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A Brighter Future

15 June 2007

First Australia and now the EU will ban incandescent bulbs within a couple of years first in homes and then in businesses. Oliver Wong explains how FM’s can plan to make the switch while maintaining effective workplace and display lighting schemes.

BUILDINGS ACCOUNT FOR 40 PER CENT OF THE ENERGY requirements and offer the largest single potential for energy efficiency gains. More than one-fifth of the present energy consumption could be saved by 2010 by applying more stretching targets to new and refurbished buildings and lighting offers one of the quickest and easiest ways to meeting them.

However, there is a huge number of different lamp sources and luminaires in use in all kind of commercial and public sector properties, and this presents FMs with major issues, particularly what to replace existing lighting with which will work and give the same effect. The fear is that businesses will be tempted to change too soon to inappropriate energy efficient options and spoil the lighting value of the systems currently installed rather than study all the options available now and in the near future. However, this need not be the case if in some way this process could be simplified while providing the benefits of greater energy efficiency and reduced costs without compromising the light quality and lifetime expectations.

Fortunately this ideal situation is in fact a reality. Philips has for some time developed its ‘Value Added’ approach, segmenting its own product portfolio directly to these needs by categorising its ranges into MASTER and Standard. For FMs looking for the best in class light characteristics, best in class in energy efficiency and superior lifetime reliability, the Philips MASTER Collection offers the ideal solution. Supporting this approach is a simple ‘Cost of Ownership’ calculation formula that has been devised providing lighting equipment users with an easy to use tool to check savings that can be achieved by upgrading to a more energy and labour efficient lamp. Armed with this information selecting the correct lamp for the job becomes a much easier process.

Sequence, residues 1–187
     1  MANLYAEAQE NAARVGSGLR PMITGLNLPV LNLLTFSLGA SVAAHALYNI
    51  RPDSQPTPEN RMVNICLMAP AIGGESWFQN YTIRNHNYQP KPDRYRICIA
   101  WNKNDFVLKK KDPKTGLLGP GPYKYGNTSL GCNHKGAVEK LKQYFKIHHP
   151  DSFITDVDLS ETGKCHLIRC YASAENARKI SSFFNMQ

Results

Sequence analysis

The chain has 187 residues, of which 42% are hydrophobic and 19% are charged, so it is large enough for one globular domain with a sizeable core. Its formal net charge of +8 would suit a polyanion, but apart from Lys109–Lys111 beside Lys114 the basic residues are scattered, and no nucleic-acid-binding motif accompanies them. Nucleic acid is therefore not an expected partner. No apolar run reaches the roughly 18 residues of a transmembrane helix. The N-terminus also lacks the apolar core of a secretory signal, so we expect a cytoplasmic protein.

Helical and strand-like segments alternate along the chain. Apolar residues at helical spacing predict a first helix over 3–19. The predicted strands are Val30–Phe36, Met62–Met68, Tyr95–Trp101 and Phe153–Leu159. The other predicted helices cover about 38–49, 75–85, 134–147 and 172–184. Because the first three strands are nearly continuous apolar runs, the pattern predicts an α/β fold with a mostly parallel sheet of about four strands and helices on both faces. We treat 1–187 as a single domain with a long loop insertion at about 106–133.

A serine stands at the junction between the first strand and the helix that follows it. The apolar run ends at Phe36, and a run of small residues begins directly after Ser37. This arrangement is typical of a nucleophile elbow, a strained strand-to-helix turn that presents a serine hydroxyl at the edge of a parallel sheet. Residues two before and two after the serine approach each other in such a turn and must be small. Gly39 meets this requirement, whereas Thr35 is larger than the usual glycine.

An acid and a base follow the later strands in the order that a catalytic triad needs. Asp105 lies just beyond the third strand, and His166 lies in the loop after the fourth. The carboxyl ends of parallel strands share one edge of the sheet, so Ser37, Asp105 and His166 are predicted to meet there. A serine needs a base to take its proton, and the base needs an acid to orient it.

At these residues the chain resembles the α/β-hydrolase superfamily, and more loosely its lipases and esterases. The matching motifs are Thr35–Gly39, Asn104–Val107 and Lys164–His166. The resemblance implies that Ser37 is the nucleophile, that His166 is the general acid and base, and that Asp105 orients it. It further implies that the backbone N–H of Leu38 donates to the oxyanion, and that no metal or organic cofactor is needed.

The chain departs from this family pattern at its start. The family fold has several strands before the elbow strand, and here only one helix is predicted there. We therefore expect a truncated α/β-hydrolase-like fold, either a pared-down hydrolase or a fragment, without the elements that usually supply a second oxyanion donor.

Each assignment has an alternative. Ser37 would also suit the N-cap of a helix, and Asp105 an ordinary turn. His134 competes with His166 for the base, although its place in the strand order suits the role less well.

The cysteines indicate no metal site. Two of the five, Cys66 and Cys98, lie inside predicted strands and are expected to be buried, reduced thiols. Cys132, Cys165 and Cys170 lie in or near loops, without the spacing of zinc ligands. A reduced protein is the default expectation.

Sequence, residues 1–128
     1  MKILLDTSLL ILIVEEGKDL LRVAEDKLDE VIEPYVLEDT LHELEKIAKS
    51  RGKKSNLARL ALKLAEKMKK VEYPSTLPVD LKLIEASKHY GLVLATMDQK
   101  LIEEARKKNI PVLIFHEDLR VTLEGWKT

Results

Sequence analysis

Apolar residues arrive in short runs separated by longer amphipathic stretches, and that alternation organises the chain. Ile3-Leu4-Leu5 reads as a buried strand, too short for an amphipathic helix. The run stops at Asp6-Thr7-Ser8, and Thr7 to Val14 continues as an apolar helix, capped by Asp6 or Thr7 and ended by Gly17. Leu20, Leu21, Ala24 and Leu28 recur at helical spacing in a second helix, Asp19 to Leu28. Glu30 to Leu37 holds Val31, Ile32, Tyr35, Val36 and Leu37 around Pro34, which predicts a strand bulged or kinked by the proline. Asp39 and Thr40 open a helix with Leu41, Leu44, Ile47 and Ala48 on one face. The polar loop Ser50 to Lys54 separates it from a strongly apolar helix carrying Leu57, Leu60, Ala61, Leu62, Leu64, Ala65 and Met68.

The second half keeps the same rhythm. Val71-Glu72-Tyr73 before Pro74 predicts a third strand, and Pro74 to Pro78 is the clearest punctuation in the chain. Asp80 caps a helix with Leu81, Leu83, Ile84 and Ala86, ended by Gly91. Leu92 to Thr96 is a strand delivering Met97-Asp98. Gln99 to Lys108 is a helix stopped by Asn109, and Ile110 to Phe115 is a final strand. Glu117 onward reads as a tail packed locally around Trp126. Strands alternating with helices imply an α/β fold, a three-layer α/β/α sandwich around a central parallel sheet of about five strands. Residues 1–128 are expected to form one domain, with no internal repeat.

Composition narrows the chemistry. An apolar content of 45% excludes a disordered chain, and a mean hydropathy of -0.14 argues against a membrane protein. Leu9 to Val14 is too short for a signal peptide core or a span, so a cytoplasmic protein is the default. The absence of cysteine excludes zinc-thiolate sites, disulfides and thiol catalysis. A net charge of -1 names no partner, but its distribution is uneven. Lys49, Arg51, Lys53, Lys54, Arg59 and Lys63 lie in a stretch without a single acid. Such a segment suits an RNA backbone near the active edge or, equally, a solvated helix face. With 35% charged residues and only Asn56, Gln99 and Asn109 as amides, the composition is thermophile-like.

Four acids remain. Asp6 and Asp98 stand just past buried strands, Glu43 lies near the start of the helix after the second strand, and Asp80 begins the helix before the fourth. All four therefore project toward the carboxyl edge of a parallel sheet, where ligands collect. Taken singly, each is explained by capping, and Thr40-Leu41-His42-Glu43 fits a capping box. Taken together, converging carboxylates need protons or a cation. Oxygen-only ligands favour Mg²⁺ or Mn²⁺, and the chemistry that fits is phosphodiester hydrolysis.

The opportunities for energy savings from lighting improvements are potentially huge. Recent research has revealed that more than 75 per cent of Europe’s office lighting is based on outdated and energy inefficient lighting systems which do not comply with EU quality standards for offices. This equates to 8m/tonnes of CO2 which is about the annual output of 10 power stations producing 2 TWh/yr. Switching from older fluorescent lighting to a new generation of lighting technology involves initial investment costs. Short-term thinking creates a tendency to look mainly at the initial cost of a lamp or lighting system. This ignores the more relevant cost of energy during the product’s use which is often more than 90 per cent of the total cost.

Once the decision has been made to upgrade the lighting in a medium sized office, the additional investment of installing the latest lighting technology compared with replacing the older technology would provide a payback of just over three years, and the energy savings would be more than €70,000 during the first 10 years. The primary savings can be made by upgrading lighting systems from fittings with EM ballasts and standard TL fluorescent lamps to fittings with HF ballasts and a new generation of 1990’s based TL5 fluorescent lamps with their higher quality light. Higher levels of light also allow better spacing of light fittings meaning fewer are needed per office. Energy savings of 30 per cent are easily achievable and these savings start immediately after installation.